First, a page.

In another aspect, a data storage device comprising a plurality of virtual columns is disclosed. In this aspect, each of the virtual columns includes an addressable switch element and a data storage element. This aspect also includes, surrounding the addressable switch element, a material adapted to transmit a signal to the addressable switch element.

In another aspect, a data storage device is disclosed. In this aspect the device includes a plurality of memory devices, each containing data storage elements, configured such that each data storage element contained in each memory device is accessible for read/write operations by presenting an address of the data storage element to a plurality of laminar layers contained in the device. In this aspect, each memory device includes a plurality of external access lines associated with a respective one of the plurality of laminar layers. This aspect also includes a plurality of external bus bars, that is associated with at least one of the plurality of external access lines.

In another aspect, a memory device that includes a first strip of non-conductive material and a first plurality of virtual columns disposed on the first strip is disclosed.

In another aspect, a memory device comprising a substrate and a plurality of virtual columns arranged into sections on the substrate is disclosed. In this aspect, each section including a plurality of address lines coupled to portions of the virtual columns. This aspect also includes a plurality of external access lines coupled to the address lines.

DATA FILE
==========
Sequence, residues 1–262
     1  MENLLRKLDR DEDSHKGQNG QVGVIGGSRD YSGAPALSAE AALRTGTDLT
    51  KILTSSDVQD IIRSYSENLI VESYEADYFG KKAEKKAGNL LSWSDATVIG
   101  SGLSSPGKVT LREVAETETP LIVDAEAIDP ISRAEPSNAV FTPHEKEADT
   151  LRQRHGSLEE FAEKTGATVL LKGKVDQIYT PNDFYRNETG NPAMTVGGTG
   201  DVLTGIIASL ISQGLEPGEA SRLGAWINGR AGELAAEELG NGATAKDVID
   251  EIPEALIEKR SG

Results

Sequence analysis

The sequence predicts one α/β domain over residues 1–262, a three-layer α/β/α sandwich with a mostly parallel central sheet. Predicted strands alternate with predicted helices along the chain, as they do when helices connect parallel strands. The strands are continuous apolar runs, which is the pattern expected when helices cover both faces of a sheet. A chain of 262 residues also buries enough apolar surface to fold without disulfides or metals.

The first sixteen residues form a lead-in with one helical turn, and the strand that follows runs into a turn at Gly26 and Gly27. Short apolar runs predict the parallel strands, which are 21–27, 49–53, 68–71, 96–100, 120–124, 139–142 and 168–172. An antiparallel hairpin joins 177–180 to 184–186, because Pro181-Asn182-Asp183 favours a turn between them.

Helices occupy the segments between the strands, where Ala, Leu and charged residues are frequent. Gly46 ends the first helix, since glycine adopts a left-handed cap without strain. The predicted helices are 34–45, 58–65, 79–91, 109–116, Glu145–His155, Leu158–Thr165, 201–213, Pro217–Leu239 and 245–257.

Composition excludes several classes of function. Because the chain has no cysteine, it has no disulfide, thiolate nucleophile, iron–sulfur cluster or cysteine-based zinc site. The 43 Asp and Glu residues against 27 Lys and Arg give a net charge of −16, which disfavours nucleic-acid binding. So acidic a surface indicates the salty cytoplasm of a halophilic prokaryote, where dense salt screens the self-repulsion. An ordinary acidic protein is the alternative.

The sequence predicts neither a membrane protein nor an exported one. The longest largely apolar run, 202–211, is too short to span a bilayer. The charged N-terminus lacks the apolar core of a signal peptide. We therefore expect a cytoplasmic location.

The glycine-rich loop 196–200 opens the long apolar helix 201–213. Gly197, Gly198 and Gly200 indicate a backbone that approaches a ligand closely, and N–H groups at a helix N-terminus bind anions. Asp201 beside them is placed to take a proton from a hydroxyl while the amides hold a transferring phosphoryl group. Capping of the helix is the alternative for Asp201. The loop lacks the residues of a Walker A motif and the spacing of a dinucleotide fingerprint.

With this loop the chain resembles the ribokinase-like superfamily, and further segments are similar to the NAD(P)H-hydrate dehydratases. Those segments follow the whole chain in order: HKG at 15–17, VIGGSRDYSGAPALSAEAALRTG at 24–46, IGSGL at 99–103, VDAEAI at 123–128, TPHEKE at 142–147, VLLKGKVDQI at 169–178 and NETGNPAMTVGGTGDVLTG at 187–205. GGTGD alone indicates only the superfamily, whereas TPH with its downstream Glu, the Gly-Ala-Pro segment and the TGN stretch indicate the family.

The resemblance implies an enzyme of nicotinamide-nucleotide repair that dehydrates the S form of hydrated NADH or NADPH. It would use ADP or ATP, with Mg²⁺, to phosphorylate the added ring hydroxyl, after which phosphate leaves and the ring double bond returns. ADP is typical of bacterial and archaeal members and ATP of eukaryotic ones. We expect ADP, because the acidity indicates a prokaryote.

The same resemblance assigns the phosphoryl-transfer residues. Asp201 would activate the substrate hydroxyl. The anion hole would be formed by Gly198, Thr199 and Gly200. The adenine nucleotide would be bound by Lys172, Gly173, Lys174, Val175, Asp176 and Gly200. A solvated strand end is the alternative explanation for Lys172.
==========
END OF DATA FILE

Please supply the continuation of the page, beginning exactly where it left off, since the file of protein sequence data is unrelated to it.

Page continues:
In another aspect of the present invention, a method of accessing data in a data storage device having a plurality of layers is disclosed. The method of this aspect includes steps of (a) determining an address of a data bit to be accessed, and (b) applying a voltage to the plurality of address layers, wherein the voltage applied to the plurality of address layers corresponds to a logic state of a particular bit expressed by a binary representation of the address.

In another aspect, a method of accessing data in a data storage device having a plurality of layers is disclosed. The method of this aspect includes steps of: (a) determining an address of a data bit to be accessed, and (b) applying a voltage to the plurality of address layers, where the voltage applied to each address layer corresponds to a logic state of a particular bit expressed by the binary representation of the address.

BRIEF DESCRIPTION OF THE DRAWINGS

Aspects of the present invention are pointed out with particularity in the appended claims. Various aspects and embodiments of the present invention may be better understood by referring to the following description when taken in conjunction with the accompanying drawings, in which:

FIG. 1 is an example of a prior art memory array;

FIG. 2 is an example of one embodiment of a virtual column which may be used in some embodiments of the present invention;

FIG. 3 is a diagram of two virtual columns connected to a plurality of addressing layers;

FIG. 4 is an example of one embodiment of a data storage device according to the present invention;

FIG. 5 is a cut-away view of a virtual column disposed through an addressing layer and an insulating layer;